Recently, Indian Country Today ran a very interesting article by Robert Coulter. Coulter discusses the anniversary of the UN Declaration while delivering a particularly important message: more must be done.
Coulter starts with a historical perspective, telling his readership that about a year ago, the international community finally recognized that indigenous peoples have a permanent right to exist as peoples, nations, cultures and societies when the U.N. General Assembly overwhelmingly adopted the U.N. Declaration on the Rights of Indigenous Peoples on September 13, 2007.
This Declaration, according to Coulter, was:
the most significant development in international human rights law in decades. International human rights law now recognizes the rights of indigenous peoples as peoples, including rights of self-determination, property and culture.
It was particularly significant because it recognized that “indigenous peoples and our governments are a permanent part of the world community and the countries where we live."
For about 300 years, though, European colonists and the U.S. didn’t see it that way, and treated Indian nations as if they would eventually disappear – in other words, Native Americans were treated as, what Coulter calls "a temporary problem."
According to Coulter, the laws and political morality of this country have been based upon and in part justified by this belief in the eventual demise and disappearance of Native nations. That is why the law, as applied to Native Americans, was shockingly discriminatory and inequitable. On that point Coulter notes:
Arbitrary rules and serious mistreatment are made to seem plausible or even appropriate if they are merely temporary. There was, and sometimes still is, an unspoken political assumption that the victims would soon be gone and require no redress.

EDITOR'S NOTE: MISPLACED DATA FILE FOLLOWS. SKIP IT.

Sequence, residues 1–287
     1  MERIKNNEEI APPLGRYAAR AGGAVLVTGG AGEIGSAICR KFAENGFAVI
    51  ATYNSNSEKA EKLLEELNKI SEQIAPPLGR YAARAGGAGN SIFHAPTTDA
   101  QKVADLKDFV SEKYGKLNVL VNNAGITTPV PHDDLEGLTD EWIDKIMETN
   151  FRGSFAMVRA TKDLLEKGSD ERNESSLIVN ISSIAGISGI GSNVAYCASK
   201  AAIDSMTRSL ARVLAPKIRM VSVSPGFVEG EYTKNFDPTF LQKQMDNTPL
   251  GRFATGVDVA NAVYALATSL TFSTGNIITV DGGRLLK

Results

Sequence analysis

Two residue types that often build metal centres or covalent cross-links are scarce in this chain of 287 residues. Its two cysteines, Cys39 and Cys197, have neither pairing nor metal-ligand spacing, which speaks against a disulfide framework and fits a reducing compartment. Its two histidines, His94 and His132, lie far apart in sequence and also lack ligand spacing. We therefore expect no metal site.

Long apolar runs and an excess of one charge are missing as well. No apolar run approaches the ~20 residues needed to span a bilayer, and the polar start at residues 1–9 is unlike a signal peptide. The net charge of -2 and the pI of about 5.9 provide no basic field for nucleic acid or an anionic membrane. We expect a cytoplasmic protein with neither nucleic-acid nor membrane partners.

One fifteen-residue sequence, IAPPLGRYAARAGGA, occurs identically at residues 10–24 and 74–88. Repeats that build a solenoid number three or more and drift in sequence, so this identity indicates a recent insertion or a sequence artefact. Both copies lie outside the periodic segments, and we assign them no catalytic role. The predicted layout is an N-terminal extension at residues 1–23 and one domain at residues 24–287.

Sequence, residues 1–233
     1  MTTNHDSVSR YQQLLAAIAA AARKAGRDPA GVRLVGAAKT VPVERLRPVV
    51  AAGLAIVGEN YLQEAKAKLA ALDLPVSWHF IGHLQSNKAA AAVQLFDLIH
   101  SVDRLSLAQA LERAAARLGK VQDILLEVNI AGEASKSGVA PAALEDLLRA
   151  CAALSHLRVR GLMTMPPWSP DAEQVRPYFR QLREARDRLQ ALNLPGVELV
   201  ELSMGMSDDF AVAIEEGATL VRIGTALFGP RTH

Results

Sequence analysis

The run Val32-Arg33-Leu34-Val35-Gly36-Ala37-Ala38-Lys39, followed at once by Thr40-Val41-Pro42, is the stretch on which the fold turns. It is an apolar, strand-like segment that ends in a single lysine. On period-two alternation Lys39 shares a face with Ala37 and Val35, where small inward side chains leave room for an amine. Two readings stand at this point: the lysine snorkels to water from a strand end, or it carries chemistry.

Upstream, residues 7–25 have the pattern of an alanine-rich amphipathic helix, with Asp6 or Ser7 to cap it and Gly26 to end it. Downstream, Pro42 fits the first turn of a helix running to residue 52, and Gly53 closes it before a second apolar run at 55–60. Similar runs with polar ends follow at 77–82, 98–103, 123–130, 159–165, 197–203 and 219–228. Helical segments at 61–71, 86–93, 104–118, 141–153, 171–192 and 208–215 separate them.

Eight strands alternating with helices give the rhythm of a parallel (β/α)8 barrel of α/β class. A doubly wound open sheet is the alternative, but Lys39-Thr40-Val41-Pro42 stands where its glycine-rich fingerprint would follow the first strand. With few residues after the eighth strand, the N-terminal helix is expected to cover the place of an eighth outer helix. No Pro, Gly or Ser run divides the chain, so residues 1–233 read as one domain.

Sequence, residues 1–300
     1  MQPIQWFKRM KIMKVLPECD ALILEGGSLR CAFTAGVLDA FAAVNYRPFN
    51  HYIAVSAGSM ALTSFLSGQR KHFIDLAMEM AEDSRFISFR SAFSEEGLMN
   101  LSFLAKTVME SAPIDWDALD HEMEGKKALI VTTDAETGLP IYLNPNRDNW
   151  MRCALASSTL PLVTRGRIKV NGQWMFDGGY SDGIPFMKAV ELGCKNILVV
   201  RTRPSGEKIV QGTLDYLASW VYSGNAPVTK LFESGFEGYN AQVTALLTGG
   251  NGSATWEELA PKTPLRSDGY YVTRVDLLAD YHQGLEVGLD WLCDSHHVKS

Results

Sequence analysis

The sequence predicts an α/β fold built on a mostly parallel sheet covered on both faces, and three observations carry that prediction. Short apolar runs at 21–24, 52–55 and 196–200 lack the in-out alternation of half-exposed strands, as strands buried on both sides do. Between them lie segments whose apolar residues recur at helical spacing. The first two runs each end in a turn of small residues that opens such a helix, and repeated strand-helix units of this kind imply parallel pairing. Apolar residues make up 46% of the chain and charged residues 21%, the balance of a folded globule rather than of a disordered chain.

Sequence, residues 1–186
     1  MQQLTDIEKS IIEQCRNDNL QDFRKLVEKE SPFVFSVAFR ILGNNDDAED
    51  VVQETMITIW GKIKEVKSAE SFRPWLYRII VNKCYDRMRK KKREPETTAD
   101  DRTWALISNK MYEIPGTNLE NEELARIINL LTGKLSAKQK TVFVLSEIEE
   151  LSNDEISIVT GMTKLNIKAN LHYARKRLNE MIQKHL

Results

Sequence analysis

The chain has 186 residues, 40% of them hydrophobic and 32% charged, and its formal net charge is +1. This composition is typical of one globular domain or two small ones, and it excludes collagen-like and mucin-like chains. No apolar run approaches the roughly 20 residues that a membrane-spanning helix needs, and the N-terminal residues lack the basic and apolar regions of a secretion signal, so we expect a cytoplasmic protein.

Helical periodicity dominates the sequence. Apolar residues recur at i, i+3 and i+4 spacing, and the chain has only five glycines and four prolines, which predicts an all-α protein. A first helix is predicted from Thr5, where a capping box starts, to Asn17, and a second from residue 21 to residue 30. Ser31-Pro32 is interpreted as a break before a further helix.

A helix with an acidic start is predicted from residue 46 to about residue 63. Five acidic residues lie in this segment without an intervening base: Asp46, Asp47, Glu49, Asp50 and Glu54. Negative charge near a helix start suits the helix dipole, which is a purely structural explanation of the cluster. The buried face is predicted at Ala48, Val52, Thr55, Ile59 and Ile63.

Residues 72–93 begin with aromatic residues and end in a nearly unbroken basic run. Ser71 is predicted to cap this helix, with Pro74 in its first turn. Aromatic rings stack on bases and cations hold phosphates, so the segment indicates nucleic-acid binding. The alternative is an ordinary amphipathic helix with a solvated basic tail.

Despite this inequity, over the years Indian nations have been growing more numerous and more strong as self-governing societies. He says:
We are not temporary by any means. And now we are finally seeing a turning of the tide as the world community has recognized Indian and other indigenous nations as permanent governments.
However, according to Coulter, there is a turning of the tide and more must be done.
We must still fight for the recognition that Indian nations are permanent governments, not temporary, vanishing entities. Unfortunately, the United States, along with Canada, New Zealand and Australia, failed to make this acknowledgment by voting against the adoption of the declaration.
According to Coulter, to see the promise of the declaration become a reality, it is important to fight for laws, policies and relationships that take into account the permanent presence of Indian nations in this country, and throughout the world, he said.
Coulter notes that Native American persons can and should use the Declaration on the Rights of Indigenous Peoples as a powerful affirmation of their rights. “Only through continued use will its provisions become our reality,” he said.
The impetus of Coulter’s article comes from his point about continuing to fight:
Perhaps most important, we must work harder than ever to pressure and persuade the United States and Canada to recognize and respect these rights. This can still be done. Winning U.S. support for these human rights will make them far more useful in this country.
The best way to continue the work, according to Coulter, is to gain U.S. support is to demand that the United States join in adopting a strong Declaration on the Rights of Indigenous Peoples in the Organization of American States.
The OAS is now negotiating a powerful American Declaration on the Rights of Indigenous Peoples much like the U.N. declaration. We must increase the pressure on the United States and other countries to respect our human rights and adopt a strong OAS American declaration. We must publicly expose and protest the continuing violation of our rights in the United States, and we must demand serious action in the OAS to finalize a strong and effective declaration supported by all countries in the Americas.
Coulter believes that carrying on the fight in this way is the best way to celebrate and honor the adoption of the U.N. Declaration on the Rights of Indigenous Peoples one year ago.
Visit OAS American Declaration for more information about the Declaration and how you can participate in this important call to do more.